So why all this talk about musical form on the composing page? Well mainly in that for many emerging songwriters, while they have good ideas and nice melodies, often lack the sense of form and balance that comes with a bit more formal training in music theory. Oft neglected in early music programs, as the goal is to get new learners up and playing and having fun, the theory gets saved till later years when a greater need for the knowledge is manifest, oftentimes simply due to the complexity of the music being played. A more thorough understanding of the musical elements within a piece of music can often translate to a more "artful" rendering or performance. Thus, when younger composers begin to write, getting a sense of form can help them to frame their work and provide some structure for their ideas. The cool thing is that all of our music theory rules and forms are breakable to make art, and that these guidelines simply come from music already written that we hold dear to our hearts. And as we move along in our studies, gain knowledge and strengthen our composing skills, we simply stretch our existing resources and create new shapes, forms and degrees of balance, that satisfy our artistic needs.
For emerging composers, try listening to your favorite songs and listen for the structure of the phrases, the repeating of the main melody, if there is a second, contrasting melody etc. Figure out the time signature and count along with the song and see if the phrases are four bars, eight bars etc. I think you'll be surprised after a bit when you realize how similar the musical form of different sounding songs can be. This is way true in the blues, where the vast majority of blues tunes follow the 12 bar blues form of phrasing and harmonic scheme.
Through composed. A concluding thought here is in regards to what composers call through composed. This compositional technique is a bit more adventurous artistically than the structured forms as the music simply winds its way along without any need for definitive sections, numbers of measures in phrases etc. The music is composed and flows, or charges or scoots along completely at the discretion of the composer's muse, that elusive part of our creative process that brings the magic to our music. Skies the limit here in creative composition! So often during the process of through composing, one idea or section will just suggest another and so forth, that a new idea organically evolves from the existing one. We then create interludes between sections, transitions from one section to another, use similar melodic and harmonic ideas in different keys, swap back and forth between the major to minor tonalities, combine these freer through composed sections with other more structurally definite forms. And while these last few ideas might seem a bit vague or random, believe it or not but sometimes that is just what is called for by our muse to express the ideas we have.
How to get started composing. Take your best idea and write it into a two or four phrase. Then extend it to eight. If there a words to your song, write a second eight bar verse of words. Is there a hook to your song? Find one if it needs it. From this point forward the song will probably write the rest of itself. And it can change and continue to grow and evolve as you play it. So many of us composers simply keep going over and over and over a song till it's right. Run out of ideas? Listen to all the music you can get into your ears. Also, some of the most successful composers in recent years worked as part of a team. So find a "co-writer" to work with and perhaps share ideas. Rodgers and Hart, Lennon and McCartney, Carol King and Jerry Goffin are just a few of the pairs that have created tons and tons of good music. And these teams are just the pop music writers. There's the blues, rock, jazz and classical solo and duo composers also. Always remember ... if you are driven to write ... you will write.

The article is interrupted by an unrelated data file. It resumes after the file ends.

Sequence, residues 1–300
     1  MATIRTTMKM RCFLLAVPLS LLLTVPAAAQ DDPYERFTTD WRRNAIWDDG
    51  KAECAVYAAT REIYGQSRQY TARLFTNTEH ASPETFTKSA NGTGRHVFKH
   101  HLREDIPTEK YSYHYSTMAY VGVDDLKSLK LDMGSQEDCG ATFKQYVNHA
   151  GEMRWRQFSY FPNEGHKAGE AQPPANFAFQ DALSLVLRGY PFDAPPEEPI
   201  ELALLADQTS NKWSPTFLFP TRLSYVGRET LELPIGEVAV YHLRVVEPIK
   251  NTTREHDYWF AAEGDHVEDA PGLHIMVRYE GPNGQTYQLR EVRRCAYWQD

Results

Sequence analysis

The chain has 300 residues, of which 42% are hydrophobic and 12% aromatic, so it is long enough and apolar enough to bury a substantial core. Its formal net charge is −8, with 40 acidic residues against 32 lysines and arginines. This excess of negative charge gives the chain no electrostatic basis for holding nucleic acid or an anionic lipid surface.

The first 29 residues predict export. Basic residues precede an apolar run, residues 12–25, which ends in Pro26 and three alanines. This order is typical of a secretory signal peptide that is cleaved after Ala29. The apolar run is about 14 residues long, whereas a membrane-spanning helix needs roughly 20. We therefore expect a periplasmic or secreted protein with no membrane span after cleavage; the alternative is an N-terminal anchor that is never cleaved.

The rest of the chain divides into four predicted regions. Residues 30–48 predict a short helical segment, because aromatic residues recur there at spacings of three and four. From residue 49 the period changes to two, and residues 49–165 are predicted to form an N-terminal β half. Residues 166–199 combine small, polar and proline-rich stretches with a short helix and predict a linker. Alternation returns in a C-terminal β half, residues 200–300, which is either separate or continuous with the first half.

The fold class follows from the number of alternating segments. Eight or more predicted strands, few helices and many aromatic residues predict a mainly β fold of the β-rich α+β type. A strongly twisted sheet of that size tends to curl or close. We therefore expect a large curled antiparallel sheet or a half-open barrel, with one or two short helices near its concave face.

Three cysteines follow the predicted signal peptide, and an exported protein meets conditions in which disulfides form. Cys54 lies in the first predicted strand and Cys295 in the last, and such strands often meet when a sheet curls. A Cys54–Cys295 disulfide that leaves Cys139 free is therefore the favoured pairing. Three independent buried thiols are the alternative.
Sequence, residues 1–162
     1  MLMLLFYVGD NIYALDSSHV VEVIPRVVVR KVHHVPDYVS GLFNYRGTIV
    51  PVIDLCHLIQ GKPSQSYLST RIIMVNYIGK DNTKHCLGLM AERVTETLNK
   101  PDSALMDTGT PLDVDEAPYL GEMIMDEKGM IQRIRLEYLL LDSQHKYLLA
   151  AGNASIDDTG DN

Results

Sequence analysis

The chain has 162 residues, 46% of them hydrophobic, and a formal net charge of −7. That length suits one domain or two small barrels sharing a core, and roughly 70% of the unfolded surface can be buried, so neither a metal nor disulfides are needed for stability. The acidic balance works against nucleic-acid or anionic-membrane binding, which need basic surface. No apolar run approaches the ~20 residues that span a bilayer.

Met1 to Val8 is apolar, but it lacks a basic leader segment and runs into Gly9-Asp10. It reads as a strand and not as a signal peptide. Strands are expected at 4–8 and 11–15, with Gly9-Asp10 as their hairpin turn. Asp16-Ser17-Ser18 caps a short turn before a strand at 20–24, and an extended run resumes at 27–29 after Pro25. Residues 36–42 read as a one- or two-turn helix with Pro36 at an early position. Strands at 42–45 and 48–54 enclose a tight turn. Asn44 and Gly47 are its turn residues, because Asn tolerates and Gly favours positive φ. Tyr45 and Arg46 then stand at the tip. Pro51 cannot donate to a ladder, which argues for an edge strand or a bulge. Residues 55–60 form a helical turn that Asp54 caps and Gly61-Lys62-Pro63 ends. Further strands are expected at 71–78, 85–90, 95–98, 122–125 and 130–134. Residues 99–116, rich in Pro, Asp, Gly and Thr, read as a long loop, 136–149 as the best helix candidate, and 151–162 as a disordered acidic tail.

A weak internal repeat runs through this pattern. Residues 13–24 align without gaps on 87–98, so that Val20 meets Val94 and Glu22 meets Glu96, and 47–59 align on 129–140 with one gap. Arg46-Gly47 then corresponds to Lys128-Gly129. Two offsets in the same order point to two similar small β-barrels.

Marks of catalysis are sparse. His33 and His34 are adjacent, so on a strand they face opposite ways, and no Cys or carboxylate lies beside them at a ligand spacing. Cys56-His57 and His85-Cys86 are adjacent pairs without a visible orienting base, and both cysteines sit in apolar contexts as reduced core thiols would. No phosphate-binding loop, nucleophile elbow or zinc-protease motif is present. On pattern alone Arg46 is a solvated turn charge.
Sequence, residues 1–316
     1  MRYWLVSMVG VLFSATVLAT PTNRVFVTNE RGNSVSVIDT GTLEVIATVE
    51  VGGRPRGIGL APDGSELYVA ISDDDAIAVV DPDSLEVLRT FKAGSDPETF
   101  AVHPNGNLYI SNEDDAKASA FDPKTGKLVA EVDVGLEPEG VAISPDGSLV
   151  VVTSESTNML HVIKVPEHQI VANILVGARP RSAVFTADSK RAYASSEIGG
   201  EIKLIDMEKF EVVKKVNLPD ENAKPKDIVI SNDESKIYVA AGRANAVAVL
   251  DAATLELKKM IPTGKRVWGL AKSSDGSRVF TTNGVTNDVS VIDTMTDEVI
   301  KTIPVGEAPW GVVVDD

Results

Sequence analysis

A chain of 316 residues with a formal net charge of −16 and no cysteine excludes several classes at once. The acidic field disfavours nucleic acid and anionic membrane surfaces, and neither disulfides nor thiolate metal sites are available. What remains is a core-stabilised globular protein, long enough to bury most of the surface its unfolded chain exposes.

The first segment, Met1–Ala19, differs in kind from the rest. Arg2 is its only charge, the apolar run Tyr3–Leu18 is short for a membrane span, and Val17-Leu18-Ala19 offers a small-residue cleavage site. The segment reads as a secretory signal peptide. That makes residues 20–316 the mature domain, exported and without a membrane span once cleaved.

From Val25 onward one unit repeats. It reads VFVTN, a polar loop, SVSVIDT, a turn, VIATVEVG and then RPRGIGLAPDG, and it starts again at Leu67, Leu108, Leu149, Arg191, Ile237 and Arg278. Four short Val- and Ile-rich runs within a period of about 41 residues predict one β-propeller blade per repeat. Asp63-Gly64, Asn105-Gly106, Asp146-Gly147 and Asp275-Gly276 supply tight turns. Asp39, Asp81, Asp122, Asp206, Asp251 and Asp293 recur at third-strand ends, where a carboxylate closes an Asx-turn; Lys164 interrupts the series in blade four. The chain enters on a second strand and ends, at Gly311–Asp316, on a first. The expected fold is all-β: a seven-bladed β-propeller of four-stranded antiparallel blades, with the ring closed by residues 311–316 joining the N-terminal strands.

Review. In composing there really is no right and wrong, more of just what works and what doesn't for the artist. We start to understand the compositional forms in music by thinking of the phrasing of our melodic ideas and the two part nature of how are thoughts tend to be organized. First phrase / second phrase. Call and response. Question and answer etc. We often expand our form by simply doubling the size of smaller forms to create larger ones. We repeat four bar phrases three times to make a 12 bar blues. Or double a four bar phrase into eight bars, then double that into 16 bars. We repeat similar melodic ideas to expand our forms with additional lyrics and often use a contrasting theme to our first idea for variety. We often follow the poetic rhythms and shape of Iambic pentameter phrasing. As composers we aurally bring to life the emotional content and rhythm of words in poetry, in drama, or find musical sounds to articulate the happenings of the world we live in.
Vocabulary terms for this chapter.
|muse||That inner artistic sense that directs our creativity.|
|hook||Slang term for a "catchy" melody.|
|motif||The "cell" of an original artistic or intellectual idea that gets developed.|
|vamp||Slang term usually denoting a shorter, complete musical phrase oft repeated.|
|musical form||A musical structure of phrases, measures and sections.|
|antecedent||The first part of a musical or intellectual statement.|
|consequent||The second part of a musical or intellectual statement that usually brings to us a sense of closure to the whole idea.|
|Iambic pentameter||A style of spoken rhythm, articulated through inflexion and emphasis of syllables that is used with writing, poetry or prose.|
|12 bar blues||Three / four bar phrases to complete the form.|
|song form||Usually 32 bars comprised of four / eight bar phrases or two / sixteen bar phrases.|
|through composed||Allowing our muse to dictate how a musical composition unfolds.|
Go on and ace the matching quiz which follows, and once successfully completed, go over it with your teacher or write for help. For a start in composing, write as much of your best musical idea down in standard notation or whatever way you are presently cool with and try to get it played by your musical group or another group that you know of. Cool? Start to toughen up your skin for the critics and find your nicest, most humble and gracious manner to thank those who like your work.
Some good, basic music theory information on this page, was any of it new for you? Your thoughts on this? firstname.lastname@example.org Well, as "Porkie Pig" used to say ...." eeer ... that's all folks!" First a quote.
"Music is 10% inspiration and 90% perspiration." Beethoven
how to practice something ...
that we don't know how to play ... yet ...
(1) All of the information on musical form and composition in this chapter comes from playing the jazz, blues, folk and rock music I love, writing songs and teaching and learning this music to and from other musicians. I have studied compositional forms through analysis of music manuscripts formally in college using the following texts.
Berry, Wallace. Form in Music. New Jersey: Prentice-Hall, Inc., 1966
Green, Douglass. Form in Tonal Music. New York: Holt, Rinehart and Winston Inc., 1965.